EN’s Got Talent: Tex Catches George’s Eye

We hear all the time about horses at the top of the sport, but what about the next generation of equine talent? EN’s Got Talent introduces the future superstars of the sport, interviewing riders about how they’re tackling training with these youngsters. Have you spotted a spectacular young horse at an event you think should be highlighted in this column? Tip me at [email protected].

George Morris and Mellow Johnny. Photo by Jenni Autry.

Last week we met Dom Schramm and Mellow Johnny, an eye-catching 7-year-old buckskin Thoroughbred/Paint gelding who had his 15 minutes of fame on EN earlier this summer when George Morris hopped on him at a USEF High Performance Jumping Clinic at Boyd Martin’s Windurra Farm. “It’s always a bit of a treat to see a rider like George on your horse,” Dom said. “He jumped him around, which actually looked a bit sticky at first. Once George got the hang of him, he jumped really well. George said he’s a very cute horse and a quality horse. He explained that Tex has two moments in his jump because he’s so careful. Until you get the hang of riding both moments, it’s hard to get your timing perfect.”

“Tex” jumped beautifully when I saw him at the George Morris clinic, but Dom said the show jumping didn’t always come so easily to the horse. “In the beginning, he felt like he had a good, energetic jump, and he felt great in the air, but he was careless about the rails,” Dom said. “I took a clinic in Aiken with Grant Wilson, who works with the Belgian eventing team, and he said the horse had all the right ingredients. He recommended I trot him into the base of a lot of verticals over and over again. He needed to learn to lift through his withers and get those front legs in front of him. It wasn’t trying to get him to have a rail but to learn to lift in front. We did a lot of those exercises, and it really helped him in the show jumping.”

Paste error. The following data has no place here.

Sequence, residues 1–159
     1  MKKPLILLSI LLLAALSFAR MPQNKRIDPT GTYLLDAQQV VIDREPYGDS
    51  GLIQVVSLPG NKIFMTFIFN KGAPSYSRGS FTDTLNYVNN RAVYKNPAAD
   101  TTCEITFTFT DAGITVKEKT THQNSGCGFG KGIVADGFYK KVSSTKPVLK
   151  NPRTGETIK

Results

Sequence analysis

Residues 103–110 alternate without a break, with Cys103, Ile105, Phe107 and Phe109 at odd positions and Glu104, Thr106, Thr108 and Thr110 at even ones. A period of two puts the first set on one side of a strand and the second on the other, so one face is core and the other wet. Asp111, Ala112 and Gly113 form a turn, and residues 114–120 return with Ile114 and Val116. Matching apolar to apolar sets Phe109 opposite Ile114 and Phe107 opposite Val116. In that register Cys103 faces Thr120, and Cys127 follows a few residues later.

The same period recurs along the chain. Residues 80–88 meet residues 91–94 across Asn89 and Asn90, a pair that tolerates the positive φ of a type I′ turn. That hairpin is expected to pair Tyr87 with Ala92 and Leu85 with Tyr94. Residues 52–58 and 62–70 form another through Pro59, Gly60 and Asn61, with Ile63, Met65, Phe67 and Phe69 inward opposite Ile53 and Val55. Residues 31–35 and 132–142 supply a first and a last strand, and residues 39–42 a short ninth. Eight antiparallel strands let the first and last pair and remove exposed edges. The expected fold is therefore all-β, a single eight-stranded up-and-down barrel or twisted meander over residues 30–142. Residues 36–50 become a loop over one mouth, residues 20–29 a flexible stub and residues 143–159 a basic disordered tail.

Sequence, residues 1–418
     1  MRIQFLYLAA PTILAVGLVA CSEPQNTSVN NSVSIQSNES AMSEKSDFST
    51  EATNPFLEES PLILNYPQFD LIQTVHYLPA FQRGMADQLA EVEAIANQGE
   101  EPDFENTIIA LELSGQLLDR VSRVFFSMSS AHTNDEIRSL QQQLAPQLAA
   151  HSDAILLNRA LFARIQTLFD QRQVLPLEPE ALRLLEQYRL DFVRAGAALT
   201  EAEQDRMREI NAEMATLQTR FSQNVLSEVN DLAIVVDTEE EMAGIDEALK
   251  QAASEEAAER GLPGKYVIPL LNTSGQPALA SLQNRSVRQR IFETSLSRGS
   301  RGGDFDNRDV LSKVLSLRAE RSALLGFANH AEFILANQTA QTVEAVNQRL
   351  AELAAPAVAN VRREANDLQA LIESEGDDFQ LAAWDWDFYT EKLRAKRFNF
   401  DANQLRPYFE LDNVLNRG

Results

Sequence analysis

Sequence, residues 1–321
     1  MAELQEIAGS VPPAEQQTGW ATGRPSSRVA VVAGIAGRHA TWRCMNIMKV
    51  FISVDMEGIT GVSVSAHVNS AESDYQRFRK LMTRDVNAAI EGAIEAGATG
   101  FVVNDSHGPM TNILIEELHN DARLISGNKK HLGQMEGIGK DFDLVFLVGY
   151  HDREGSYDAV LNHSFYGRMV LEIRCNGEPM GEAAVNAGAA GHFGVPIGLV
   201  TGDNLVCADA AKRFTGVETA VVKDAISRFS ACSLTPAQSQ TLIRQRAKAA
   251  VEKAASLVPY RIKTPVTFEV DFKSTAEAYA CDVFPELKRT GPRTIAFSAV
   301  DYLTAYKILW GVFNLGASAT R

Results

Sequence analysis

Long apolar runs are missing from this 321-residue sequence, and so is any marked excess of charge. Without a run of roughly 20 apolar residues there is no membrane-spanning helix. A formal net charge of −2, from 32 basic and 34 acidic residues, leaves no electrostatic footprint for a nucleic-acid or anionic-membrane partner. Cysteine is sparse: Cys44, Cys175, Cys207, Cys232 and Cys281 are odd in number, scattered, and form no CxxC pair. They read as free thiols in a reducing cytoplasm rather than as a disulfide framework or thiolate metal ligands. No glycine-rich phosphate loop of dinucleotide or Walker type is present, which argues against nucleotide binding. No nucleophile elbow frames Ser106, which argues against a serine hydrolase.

George Morris and Mellow Johnny. Photo by Jenni Autry.

Even with those problems in the show jumping, Tex has only pulled two rails in his eventing career, and he’s been very competitive at the lower levels. Dom ran him slowly at the horse’s last event at training level at Bucks Country Horse Park last month in preparation to contest the American Eventing Championships. Unfortunately, truck problems prevented Dom from making the trip to Texas, but he’s still planning to move Tex up to preliminary at Pine Top during the winter season. “He’s comfortably training at that level at home,” Dom said. “He’s very comfortable in the dressage, so the challenge is getting his show jumping to where it needs to be. He needs to see more combinations.”

For those of you who’ve enjoyed reading about Tex these past couple weeks, I have some good news: Dom has decided to sell the horse. “He’s the first horse I’ve had the opportunity to produce since I moved from Australia, and it’s great to have a horse with such natural talent because you’re in no rush and can give them a successful start in the sport. He’s a bit of a triple threat because he’s good at all three phases, so we’re just exposing him to new things at this point.” Interested in Tex? For more information on this really cool horse, visit Schramm Equestrian’s website here. Go Tex, and Go Eventing.

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